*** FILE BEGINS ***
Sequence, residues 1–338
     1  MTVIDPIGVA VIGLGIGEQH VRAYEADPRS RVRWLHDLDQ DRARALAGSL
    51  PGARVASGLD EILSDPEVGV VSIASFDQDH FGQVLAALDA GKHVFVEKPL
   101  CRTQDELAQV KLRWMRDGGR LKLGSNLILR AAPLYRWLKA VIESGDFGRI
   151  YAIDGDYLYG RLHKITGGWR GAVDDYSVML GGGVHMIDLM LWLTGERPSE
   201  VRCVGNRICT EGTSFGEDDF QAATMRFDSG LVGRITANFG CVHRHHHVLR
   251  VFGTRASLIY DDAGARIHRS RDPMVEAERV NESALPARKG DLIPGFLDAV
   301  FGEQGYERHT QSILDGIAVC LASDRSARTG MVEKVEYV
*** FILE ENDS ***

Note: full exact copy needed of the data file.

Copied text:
Sequence, residues 1–338
     1  MTVIDPIGVA VIGLGIGEQH VRAYEADPRS RVRWLHDLDQ DRARALAGSL
    51  PGARVASGLD EILSDPEVGV VSIASFDQDH FGQVLAALDA GKHVFVEKPL
   101  CRTQDELAQV KLRWMRDGGR LKLGSNLILR AAPLYRWLKA VIESGDFGRI
   151  YAIDGDYLYG RLHKITGGWR GAVDDYSVML GGGVHMIDLM LWLTGERPSE
   201  VRCVGNRICT EGTSFGEDDF QAATMRFDSG LVGRITANFG CVHRHHHVLR
   251  VFGTRASLIY DDAGARIHRS RDPMVEAERV NESALPARKG DLIPGFLDAV
   301  FGEQGYERHT QSILDGIAVC LASDRSARTG MVEKVEYV